Professors Diamantis and Laufer agree. They write, “...using fines [as a] deterrent mechanism doesn’t work... As we increase the financial sanctions on corporations, we don’t get a corresponding decrease in corporate criminality...We need a mechanism in place that will translate criminal sanction into positive corporate action.”
What needs to be done? Many experts have looked at the problems and made a broad range of suggestions. The situation is complicated and the solutions are not easy.
Like other intractable problems – climate change, racism or war – human nature is a big part of the problem. Societies have been struggling with common human behaviors like selfishness and greed since we came down from the trees.
But again, in a supposedly demo-cratic society governed by the rule of law, we should not tolerate, or make excuses for, harmful illegal behavior just because the perps are businesses.
Obviously a major reform begins with changing our thinking about crime. We need to recognize that white collar and corporate crimes are harmful and should be effectively sanctioned in a similar manor as other street crimes. We need to reject the common political propaganda about crime
Another area of bad thinking is the notion that businesses exist only to make money for shareholders. We need to return to the earlier recognition that businesses have a responsibility to customers, workers, local communities, and society as a whole.
We must reject the false notion that regulations and regulatory agencies are unnecessary, bad for the economy and kill jobs. We need to recognize that regulations are laws that exist to protect the heath and safety of the public. They create the playing field in which business operates. These important functions of government, like the police, must be adequately staffed and funded. These agencies must also have sufficient independence to be effective. Political manipulation, regulatory capture and revolving door issues must be addressed.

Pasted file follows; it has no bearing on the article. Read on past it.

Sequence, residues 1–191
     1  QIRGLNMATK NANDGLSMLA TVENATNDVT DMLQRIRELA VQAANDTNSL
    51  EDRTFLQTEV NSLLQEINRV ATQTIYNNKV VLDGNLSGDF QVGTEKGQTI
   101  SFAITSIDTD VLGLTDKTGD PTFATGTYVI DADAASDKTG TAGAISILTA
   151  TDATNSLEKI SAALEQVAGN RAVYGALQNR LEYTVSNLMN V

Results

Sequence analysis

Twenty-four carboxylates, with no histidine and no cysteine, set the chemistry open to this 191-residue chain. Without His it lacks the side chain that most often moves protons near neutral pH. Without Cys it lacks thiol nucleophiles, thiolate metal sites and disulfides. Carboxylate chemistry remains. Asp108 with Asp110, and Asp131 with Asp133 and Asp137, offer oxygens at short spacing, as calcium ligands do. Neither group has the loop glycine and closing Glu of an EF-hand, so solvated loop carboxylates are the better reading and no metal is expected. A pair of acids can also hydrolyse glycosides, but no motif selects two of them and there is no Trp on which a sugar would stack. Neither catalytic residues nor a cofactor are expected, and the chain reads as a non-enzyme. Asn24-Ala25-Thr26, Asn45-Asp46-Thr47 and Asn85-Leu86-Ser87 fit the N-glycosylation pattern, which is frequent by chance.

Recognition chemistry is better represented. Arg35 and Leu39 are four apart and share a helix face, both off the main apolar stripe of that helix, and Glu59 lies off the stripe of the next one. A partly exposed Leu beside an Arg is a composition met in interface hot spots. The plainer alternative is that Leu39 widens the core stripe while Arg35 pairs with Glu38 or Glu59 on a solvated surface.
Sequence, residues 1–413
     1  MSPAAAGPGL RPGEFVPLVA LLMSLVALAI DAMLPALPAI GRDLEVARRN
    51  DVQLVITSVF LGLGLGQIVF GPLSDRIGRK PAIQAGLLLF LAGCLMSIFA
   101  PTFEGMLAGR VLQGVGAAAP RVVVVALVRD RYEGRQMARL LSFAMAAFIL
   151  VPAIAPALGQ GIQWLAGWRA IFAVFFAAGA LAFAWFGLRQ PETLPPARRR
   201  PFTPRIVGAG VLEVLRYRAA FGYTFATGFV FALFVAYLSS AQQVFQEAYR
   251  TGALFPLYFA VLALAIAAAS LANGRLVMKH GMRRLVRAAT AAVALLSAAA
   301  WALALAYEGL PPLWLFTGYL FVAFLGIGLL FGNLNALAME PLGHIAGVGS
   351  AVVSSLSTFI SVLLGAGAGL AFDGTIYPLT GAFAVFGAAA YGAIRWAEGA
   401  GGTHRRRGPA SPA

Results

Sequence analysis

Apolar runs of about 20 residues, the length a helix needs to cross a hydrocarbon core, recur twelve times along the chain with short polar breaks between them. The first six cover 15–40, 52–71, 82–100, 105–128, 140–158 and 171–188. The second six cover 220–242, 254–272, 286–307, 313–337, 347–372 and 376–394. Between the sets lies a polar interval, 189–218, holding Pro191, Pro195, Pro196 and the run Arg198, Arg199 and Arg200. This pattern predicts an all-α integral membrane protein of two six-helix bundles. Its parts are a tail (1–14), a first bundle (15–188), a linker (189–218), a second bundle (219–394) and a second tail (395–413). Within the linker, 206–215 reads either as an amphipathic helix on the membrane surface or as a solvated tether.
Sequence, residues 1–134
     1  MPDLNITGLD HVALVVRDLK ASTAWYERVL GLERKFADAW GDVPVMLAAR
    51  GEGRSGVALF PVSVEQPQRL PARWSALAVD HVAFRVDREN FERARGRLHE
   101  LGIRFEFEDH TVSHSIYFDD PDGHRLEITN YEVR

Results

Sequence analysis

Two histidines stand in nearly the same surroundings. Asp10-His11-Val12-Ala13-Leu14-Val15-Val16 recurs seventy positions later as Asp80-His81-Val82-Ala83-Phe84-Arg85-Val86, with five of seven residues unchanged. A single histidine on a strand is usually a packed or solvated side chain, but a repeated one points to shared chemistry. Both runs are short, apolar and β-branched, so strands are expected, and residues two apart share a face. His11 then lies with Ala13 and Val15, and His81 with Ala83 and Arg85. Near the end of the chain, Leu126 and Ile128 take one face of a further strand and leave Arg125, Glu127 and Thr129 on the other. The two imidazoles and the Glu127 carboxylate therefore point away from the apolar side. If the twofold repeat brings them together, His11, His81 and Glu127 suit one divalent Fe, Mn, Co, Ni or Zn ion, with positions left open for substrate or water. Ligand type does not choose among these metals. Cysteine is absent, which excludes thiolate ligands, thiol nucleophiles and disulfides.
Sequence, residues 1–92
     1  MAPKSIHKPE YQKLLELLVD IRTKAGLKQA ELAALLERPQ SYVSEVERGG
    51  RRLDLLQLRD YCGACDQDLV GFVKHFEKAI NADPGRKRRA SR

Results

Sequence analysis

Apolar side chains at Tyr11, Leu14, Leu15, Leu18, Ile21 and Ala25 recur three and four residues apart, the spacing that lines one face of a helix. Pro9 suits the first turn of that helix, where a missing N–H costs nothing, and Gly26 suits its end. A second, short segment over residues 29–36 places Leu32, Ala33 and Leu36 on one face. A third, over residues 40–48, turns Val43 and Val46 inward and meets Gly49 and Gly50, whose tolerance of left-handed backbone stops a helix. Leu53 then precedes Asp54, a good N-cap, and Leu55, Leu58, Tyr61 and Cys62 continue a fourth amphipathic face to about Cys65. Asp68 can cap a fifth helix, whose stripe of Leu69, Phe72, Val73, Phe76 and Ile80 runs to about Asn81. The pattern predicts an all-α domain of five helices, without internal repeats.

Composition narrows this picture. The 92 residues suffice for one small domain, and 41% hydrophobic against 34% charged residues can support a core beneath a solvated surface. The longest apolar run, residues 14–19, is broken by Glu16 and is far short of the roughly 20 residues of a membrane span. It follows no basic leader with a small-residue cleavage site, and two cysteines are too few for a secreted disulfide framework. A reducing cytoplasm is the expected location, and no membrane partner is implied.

Another issue is that legally corporations are not people (despite what the Supreme Court ruled on campaign contributions) and cannot be prosecuted as criminals.
Who do you lock up when a company kills someone with pollution or unsafe products? Many experts advocate new laws to make top corporate management personally responsible for the illegal actions of the companies they control.
There needs to be much more aggressive investigations and prosecutions of white collar and corporate crime. Plea bargains and “Deferred Prosecution Agreements” need to be replaced with sanctions that actually change the bad behavior. For example, any company convicted of a crime should be barred from government contracts.
There needs to be much better data collection. This is a problem with all crime. Legislation has been introduced to create a national database of corporate and white collar crime. You can’t manage or control what you don’t know about.
Many of the giant corporations simply need to be broken up or not allowed to become so huge. Globe-spanning corporations, with more money than many countries, are not good for “free market” competition, democracy or effective law enforcement.
All this is something to remember the next time you hear a politician pontificating about “skyrocketing” crime rates while voting to abolish the agencies that protect everyone from corporate crime.